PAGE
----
## You are here

# Network controllability: algorithmics and applications in medicine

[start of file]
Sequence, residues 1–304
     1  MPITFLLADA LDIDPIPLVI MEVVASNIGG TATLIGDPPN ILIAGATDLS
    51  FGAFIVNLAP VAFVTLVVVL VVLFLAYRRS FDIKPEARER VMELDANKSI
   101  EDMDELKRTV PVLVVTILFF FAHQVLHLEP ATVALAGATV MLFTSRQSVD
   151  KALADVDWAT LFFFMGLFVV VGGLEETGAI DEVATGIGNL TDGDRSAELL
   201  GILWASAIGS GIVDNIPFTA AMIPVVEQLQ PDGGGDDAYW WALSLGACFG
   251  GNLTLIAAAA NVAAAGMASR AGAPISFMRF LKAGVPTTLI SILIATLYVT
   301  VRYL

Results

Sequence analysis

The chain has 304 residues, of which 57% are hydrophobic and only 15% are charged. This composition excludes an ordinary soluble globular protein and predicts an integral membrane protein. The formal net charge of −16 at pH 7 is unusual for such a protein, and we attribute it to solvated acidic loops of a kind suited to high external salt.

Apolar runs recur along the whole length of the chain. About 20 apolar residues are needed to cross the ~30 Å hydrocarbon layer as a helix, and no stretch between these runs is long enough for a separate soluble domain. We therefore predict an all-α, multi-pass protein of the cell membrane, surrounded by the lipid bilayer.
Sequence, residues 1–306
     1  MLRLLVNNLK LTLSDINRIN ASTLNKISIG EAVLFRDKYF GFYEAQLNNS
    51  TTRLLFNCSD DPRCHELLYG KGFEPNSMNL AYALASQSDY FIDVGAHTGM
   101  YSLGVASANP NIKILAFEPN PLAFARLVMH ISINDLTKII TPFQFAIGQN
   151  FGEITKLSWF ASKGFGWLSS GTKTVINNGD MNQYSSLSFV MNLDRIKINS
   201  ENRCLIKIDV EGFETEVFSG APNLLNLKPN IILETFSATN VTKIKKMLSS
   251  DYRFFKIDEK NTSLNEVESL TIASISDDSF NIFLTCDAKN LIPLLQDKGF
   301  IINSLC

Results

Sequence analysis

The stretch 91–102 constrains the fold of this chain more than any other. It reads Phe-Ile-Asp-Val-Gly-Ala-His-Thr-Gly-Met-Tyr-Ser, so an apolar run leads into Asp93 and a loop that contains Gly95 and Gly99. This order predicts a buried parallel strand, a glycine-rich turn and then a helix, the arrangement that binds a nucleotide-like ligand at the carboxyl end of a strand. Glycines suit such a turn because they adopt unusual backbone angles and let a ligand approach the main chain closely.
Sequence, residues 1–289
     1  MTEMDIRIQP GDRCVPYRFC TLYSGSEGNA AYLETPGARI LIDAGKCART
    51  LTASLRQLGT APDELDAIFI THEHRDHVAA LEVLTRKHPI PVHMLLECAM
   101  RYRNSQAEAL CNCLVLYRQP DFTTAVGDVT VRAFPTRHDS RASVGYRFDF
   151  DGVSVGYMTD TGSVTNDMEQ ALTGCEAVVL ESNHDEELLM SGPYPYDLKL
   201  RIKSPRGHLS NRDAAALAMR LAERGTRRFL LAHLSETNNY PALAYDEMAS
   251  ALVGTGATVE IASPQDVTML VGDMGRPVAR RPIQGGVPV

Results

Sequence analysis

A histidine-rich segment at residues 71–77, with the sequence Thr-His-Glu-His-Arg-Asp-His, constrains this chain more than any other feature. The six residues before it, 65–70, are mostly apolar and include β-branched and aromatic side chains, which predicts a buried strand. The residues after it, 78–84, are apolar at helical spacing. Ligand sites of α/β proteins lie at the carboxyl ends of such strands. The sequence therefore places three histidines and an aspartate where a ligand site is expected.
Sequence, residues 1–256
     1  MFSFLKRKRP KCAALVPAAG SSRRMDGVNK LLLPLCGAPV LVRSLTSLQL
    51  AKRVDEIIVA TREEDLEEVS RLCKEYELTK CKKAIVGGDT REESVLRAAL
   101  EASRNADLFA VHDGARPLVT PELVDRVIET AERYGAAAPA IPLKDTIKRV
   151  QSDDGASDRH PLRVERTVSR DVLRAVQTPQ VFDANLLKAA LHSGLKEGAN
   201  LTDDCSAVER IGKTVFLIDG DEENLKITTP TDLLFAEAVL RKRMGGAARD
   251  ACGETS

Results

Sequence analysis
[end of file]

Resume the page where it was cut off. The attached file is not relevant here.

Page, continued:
The problem of controlling a dynamic network has a long history in control theory, with roots in a diversity of mathematical methods from complex analysis to topology, graph theory and computational complexity. The basic problem setup is that of a dynamical system represented as a directed graph, with nodes influencing each other’s dynamics. Control is sought over a given set of targets, in the sense of being able to change their configuration through external interventions on some well-chosen input nodes in the network, taking advantage of the network topology. We are interested in finding a minimal set of input nodes in the network such that the behavior of the target nodes may be changed arbitrarily through a well-chosen sequence of signals to the input nodes, cascaded throughout the network through its wiring. We focus on formalizations of this network controllability problem that maximize its applicability in biomedicine, including a specific set of targets to choose from (e.g., disease-specific essential genes), a specific set of inputs to choose from (e.g., drug targets), as well as non-linear network topologies. We discuss some of our recent results on the computational complexity of the structural targeted network controllability problem, some fast heuristics for it, and some applications in cancer medicine.